Associate Director of The Endowed Marine Mammal Institute
Recently appointed as Editor in Chief of the Journal of Heredity
Conservation genetics and molecular ecology of whales, dolphins and porpoises
Scott Baker is broadly interested in the evolution and ecology of cetaceans (whales, dolphins and porpoises), including their abundance, population structure, genetic diversity and systematic relationships. Scott is particularly interested in projects that bring together both molecular and demographic approaches to improve the conservation of these species. The advent of molecular genetics and the emerging fields of genomics and bioinformatics have provided powerful new tools to describe the hierarchical structure of biodiversity. These tools complement and extend, rather than replace, demographic methods used in animal ecology and conservation biology.
Current Research Topics include:
• Population structure and genetic diversity of whales, dolphins, sea lions and fur seals
• Demographic and genetic impacts of whaling
• Molecular taxonomy and applied bioinformatics for species identification
• Molecular monitoring of ‘whalemeat’ markets in Japan and Korea
• Social organization and kinship in whales and dolphins
• The evolution of Major Histocompatibility Complex (MHC) genes in cetaceans and pinniped
One of the recent initiatives of Scott’s research group has been to establish a web-based program for identification of whales, dolphins and porpoises using applied bioinformatics and a validated database of DNA sequences. Details are available at www.dna-surveillance.auckland.ac.nz. An exciting outcome of establishing this database was the discovery of a new species of beaked whales, Mesoplodon perrini (Dalebout et al. 2002) the first mammalian species recognized primarily by genetic characters and the first new species of cetacean in 15 years.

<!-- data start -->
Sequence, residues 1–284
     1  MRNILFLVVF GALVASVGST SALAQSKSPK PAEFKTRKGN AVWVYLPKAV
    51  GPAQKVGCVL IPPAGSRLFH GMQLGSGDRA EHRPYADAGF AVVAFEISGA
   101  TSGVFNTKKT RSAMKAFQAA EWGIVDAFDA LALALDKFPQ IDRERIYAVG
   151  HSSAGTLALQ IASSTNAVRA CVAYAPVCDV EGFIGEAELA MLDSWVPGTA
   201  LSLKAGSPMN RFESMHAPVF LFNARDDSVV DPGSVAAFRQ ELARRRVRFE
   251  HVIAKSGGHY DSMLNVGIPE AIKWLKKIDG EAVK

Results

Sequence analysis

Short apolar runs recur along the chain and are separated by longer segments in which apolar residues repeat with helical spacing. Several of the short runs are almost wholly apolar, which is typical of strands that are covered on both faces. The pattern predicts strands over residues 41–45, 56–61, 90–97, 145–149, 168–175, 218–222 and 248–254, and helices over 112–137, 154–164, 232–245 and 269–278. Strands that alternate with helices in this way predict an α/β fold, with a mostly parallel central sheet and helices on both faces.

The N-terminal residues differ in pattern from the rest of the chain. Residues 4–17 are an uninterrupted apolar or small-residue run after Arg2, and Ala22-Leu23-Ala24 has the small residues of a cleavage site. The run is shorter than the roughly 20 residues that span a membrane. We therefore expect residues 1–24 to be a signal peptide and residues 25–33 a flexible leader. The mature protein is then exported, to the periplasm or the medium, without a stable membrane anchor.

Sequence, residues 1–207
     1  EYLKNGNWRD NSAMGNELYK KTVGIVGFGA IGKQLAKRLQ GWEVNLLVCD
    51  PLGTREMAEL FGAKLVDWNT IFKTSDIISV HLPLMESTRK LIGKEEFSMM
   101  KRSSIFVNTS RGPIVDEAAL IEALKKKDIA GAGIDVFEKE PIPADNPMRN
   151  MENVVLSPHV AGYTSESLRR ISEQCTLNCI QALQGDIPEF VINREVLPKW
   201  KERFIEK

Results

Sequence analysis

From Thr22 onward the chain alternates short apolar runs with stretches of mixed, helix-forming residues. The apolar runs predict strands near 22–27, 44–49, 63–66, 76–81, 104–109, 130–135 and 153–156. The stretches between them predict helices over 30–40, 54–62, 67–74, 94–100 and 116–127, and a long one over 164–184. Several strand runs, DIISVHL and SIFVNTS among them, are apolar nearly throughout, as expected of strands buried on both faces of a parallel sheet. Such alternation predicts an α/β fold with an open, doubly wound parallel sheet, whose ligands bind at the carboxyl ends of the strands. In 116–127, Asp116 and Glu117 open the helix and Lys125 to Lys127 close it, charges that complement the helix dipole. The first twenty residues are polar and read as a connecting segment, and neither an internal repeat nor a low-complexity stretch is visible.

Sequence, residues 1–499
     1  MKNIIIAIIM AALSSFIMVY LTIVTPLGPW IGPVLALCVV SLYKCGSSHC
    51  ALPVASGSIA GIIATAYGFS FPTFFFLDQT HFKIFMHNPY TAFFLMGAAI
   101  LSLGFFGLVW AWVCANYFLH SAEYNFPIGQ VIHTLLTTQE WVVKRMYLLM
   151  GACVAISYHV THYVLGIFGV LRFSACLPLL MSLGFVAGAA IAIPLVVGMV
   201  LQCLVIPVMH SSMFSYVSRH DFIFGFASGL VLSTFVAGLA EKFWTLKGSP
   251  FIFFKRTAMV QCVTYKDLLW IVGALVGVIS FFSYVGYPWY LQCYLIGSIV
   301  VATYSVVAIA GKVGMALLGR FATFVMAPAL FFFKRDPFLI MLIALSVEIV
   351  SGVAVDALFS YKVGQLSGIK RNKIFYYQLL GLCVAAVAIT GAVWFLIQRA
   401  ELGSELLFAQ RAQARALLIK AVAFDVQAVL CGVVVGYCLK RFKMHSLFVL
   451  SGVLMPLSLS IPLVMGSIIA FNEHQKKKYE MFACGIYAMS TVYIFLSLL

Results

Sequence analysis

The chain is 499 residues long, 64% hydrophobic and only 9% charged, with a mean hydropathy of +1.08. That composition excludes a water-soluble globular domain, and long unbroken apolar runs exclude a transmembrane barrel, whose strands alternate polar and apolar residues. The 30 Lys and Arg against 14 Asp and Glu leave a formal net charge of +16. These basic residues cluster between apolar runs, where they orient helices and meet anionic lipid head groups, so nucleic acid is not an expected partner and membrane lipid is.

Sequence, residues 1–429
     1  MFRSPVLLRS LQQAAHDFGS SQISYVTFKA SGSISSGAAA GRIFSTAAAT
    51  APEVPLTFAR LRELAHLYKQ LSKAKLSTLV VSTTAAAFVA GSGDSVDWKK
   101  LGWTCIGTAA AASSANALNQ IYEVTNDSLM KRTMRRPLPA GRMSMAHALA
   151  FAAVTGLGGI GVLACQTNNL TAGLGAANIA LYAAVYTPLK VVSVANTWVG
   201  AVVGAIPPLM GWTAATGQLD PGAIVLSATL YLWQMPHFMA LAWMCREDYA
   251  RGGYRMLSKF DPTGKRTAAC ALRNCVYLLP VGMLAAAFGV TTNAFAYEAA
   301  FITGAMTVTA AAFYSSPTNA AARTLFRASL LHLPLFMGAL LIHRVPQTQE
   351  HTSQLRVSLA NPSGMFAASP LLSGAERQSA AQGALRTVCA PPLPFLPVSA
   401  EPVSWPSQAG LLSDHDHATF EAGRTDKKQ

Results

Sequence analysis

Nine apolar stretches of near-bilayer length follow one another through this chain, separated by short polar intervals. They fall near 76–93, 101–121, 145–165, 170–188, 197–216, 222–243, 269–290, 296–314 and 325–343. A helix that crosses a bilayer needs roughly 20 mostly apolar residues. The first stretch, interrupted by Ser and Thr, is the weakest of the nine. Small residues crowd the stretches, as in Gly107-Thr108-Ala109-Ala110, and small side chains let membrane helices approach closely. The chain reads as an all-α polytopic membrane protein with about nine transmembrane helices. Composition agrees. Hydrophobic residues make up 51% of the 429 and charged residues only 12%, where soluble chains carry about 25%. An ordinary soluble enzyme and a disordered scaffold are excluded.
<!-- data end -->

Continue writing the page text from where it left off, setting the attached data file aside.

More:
Hatfield Marine Science Center
2030 SE Marine Science Dr.
Newport, Oregon 97365
FW499/599 'Whales and whaling'
1985 PhD, Zoology and Animal Behavior & Ecology, University of Hawaii
1977 BA, Environmental Sciences, New College, University of Florida
Hometown: Birmingham, Alabama
Selected Publications (2007 only):
2007. Jackson, J.A., Patenaude, N. J., Carroll, E.L. and Baker, C.S. ‘How few whales were there? Inference from contemporary mtDNA diversity’. Molecular Ecology.
2007. Oremus M., Poole M.M., Steel D., Baker C.S. ‘Isolation and interchange among insular spinner dolphin communities in the South Pacific revealed by individual identification and genetic diversity’. Marine Ecology - Progress Series.
2007. Patenaude N, Portway V, Schaeff C., Bannister J., Best P., Payne R., Rowntree V., Rivarola M., Baker C.S. ‘Mitochondrial DNA diversity and population structure among southern right whales (Eubalaena australis)’. Journal of Heredity
2007. Baker, C.S., Cooke, J., Lavery, S., Dalebout, M.L., Ma, Y.-U., Funahashi, N., Carraher, C., Brownell-Jr., R.L. ‘Estimating the number of whales entering trade using DNA profiling and capture-recapture analysis of market products’. Molecular Ecology.
2007. Caballero, S., Trujillo, F., Vianna, J. A., Barrios-Garrido, H., Montiel, M. G., Beltran-Pedreros, S., Marmontel, M., Santos, M. C., Rossi, M., Santo, F. R., and Baker, C.S. ‘Taxonomic status of the genus Sotalia: species level ranking for “tucuxi” (Sotalia fluviatilis) and “costero” (Sotalia guianensis) dolphins’. Marine Mammal Science.
2007. Olavarría, C., Baker, C. S., Garrigue, C., Poole, M., Hauser, N., Caballero, S., Flórez-González, L., Brasseur, M., Bannister, J., Capella, J., Clapham, P. J., Dodemont, R., Donoghue, M., Jenner, C., Jenner, M. N., Moro, D., Oremus, M., Paton, D. A. & Russell, K. ‘Population structure of humpback whales throughout the South Pacific and the origins of the eastern Polynesian breeding grounds’. Marine Ecology – Progress Series